|Best medications for stomach flu|
|Two 2 mg capsules followed by one 2 mg capsule after each unformed stool||Constipation, dry mouth, flatulence|
Many of the standard dosages above are from the U.S. Food and Drug Administration and the National Institutes of Health . Dosage is determined by your doctor based on your medical condition, response to treatment, age, and weight. Other possible side effects exist. This is not a complete list.
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How Long Does The Stomach Flu Last
Most cases of viral gastroenteritis resolve on their own. A norovirus infection typically lasts one to three days, but rotavirus gastroenteritis can take up to a week to clear. Viral gastroenteritis caused by adenovirus or astrovirus holds on longer, typically taking five to 12 days to resolve. Gastroenteritis that lasts longer than two weeks, or chronic gastroenteritis, is usually due to a bacterial or parasite infection.
Learn How To Distinguish Covid
As COVID-19 remains prevalent in the U.S. and our community, many people have questions about the differences between the cold, the flu and the coronavirus how to know which of these viruses you have and when to seek medical attention. Although the cold, the flu and COVID-19 viruses have many similarities, there are also some important differences you need to know. Keep reading for more information.
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Can Pregnant People Take Antiviral Drugs
Yes. Oral oseltamivir is recommended for treatment of pregnant people with flu because compared to other recommended antiviral medications, it has the most studies available to suggest that it is safe and beneficial during pregnancy. Baloxavir is not recommended for pregnant people or while breastfeeding, as there are no available efficacy or safety data.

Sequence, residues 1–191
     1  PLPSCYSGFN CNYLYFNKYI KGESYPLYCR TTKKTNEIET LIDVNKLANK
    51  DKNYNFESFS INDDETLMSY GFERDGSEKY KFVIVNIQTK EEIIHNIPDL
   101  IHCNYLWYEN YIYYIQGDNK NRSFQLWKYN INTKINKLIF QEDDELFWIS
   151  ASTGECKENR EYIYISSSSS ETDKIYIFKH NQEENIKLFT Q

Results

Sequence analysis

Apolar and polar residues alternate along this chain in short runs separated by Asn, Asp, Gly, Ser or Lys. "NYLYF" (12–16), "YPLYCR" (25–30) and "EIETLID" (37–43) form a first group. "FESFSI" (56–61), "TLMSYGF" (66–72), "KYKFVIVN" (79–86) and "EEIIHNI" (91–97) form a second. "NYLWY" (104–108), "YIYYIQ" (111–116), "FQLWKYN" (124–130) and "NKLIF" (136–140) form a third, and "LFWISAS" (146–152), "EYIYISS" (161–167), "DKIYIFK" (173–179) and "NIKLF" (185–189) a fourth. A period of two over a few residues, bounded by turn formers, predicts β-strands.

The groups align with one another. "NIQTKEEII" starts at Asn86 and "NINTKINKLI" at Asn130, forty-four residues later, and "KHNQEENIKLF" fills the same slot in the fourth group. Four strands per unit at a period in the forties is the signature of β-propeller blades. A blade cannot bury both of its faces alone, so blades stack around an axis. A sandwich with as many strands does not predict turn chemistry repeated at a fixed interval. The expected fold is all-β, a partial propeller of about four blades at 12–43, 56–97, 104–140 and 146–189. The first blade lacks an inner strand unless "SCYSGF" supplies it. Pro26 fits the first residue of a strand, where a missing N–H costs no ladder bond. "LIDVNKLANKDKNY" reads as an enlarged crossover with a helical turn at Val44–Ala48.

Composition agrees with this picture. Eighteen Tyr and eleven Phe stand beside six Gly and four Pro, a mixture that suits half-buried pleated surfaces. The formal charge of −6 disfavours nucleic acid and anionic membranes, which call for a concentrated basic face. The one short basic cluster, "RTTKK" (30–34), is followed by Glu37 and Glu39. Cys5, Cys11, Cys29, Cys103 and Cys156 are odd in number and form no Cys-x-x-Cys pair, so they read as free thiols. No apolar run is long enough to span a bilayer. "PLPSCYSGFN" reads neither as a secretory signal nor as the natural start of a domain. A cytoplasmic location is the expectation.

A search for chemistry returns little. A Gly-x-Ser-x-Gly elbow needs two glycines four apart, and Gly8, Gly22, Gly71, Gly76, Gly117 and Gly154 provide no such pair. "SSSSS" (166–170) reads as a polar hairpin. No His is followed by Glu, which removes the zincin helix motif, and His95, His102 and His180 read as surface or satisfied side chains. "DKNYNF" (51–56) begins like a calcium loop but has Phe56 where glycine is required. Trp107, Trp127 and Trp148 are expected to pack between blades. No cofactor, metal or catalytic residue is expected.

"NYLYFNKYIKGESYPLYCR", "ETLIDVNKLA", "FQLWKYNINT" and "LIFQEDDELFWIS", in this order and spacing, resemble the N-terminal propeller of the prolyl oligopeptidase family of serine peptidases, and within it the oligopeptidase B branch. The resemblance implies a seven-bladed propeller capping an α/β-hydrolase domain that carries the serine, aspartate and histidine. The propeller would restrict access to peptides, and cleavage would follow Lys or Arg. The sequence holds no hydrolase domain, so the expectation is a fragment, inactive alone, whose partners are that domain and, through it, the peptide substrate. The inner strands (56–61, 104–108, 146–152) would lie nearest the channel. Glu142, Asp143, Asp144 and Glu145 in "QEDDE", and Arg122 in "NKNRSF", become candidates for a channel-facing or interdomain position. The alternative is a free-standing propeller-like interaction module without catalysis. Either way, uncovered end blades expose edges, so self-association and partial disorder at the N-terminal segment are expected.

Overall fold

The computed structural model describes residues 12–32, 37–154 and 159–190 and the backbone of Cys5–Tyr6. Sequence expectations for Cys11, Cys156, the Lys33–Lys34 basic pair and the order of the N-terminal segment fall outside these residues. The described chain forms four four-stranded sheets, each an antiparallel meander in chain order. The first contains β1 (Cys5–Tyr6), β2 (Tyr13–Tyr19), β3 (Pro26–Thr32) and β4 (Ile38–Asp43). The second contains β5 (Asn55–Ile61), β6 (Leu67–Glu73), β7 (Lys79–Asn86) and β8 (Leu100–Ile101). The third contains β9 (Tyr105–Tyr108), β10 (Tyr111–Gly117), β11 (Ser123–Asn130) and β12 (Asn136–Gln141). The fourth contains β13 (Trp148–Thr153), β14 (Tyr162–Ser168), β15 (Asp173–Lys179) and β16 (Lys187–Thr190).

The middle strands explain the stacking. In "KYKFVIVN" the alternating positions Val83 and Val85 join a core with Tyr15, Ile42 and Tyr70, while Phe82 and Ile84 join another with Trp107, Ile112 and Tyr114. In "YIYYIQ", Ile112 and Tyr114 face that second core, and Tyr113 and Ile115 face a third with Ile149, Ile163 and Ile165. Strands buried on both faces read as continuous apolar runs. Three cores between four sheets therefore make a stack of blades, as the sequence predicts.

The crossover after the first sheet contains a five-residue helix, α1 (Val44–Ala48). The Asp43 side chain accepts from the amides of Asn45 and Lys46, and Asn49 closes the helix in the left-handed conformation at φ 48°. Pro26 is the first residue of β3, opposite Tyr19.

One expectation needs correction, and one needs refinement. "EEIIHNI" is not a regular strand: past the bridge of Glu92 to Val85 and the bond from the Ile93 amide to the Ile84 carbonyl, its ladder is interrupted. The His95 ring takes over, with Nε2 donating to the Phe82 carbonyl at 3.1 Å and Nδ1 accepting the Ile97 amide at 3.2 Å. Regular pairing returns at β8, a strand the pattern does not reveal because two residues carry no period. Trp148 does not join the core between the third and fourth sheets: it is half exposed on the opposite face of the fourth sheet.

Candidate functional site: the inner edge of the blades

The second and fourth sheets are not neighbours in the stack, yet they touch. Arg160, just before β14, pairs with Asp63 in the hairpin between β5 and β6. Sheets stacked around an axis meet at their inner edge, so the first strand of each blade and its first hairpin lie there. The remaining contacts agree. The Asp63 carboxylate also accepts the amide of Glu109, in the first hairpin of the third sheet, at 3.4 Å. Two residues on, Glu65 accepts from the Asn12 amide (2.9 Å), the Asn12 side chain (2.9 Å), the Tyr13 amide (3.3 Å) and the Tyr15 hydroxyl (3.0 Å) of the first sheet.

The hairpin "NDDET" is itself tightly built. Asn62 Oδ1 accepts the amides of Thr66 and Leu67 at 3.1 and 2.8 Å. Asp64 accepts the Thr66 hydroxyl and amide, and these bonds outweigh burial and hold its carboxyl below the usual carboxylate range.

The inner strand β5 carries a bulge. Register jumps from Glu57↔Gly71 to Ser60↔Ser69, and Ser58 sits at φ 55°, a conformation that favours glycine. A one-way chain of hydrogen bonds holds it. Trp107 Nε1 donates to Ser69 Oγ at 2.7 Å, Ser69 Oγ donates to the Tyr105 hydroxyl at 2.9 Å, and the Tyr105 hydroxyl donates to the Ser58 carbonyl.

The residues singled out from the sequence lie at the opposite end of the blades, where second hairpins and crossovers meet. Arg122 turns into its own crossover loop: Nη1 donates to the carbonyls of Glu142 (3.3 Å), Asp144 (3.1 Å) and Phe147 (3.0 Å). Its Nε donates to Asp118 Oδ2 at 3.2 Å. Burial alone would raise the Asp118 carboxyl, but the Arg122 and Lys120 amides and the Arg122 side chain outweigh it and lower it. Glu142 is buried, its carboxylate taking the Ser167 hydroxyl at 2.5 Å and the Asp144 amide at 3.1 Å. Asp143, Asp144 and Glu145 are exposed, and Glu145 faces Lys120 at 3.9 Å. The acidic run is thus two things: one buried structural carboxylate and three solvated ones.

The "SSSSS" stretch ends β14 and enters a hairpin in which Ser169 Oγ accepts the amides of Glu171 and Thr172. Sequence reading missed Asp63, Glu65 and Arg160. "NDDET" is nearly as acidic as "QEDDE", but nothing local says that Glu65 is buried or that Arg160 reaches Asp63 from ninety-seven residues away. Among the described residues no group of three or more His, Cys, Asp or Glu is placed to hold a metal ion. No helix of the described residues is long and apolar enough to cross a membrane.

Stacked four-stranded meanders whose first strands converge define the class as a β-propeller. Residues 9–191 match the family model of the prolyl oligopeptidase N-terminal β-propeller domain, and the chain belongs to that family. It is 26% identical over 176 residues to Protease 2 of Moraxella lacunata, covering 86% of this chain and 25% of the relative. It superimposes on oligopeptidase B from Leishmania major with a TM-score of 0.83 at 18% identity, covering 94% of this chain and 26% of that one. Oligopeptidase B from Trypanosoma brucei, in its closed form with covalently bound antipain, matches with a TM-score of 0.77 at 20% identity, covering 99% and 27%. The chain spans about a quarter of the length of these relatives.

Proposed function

The Problem With Too Much Acetaminophen
Nevertheless, you may not realize that acetaminophen is an active ingredient in a combination medication unless you read the label carefully. For example, NyQuil, Theraflu, and Percocet all contain acetaminophen. Unfortunately, using multiple products that contain acetaminophen can result in accidental misuse and overuse, as well as potential liver damage.
Acetaminophen is primarily processed in the liver. The liver breaks down most of the acetaminophen in a normal dose and eliminates it in the urine. But a small portion of the drug is converted to a byproduct that is toxic to the liver cells. If you take too much acetaminophen all at once or over a period of several days this toxic breakdown product can build up and cause damage to the liver.
In addition, there is some evidence that people with dehydration from vomiting or diarrhea, persistent fevers, or underlying liver problems may be at slightly increased risk of liver damage when taking normally safe doses of acetaminophen. The resulting symptoms of right-sided abdominal pain, nausea, vomiting, and general malaise may be mistaken for a worsening flu-like illness instead of being recognized as warning signs of liver damage.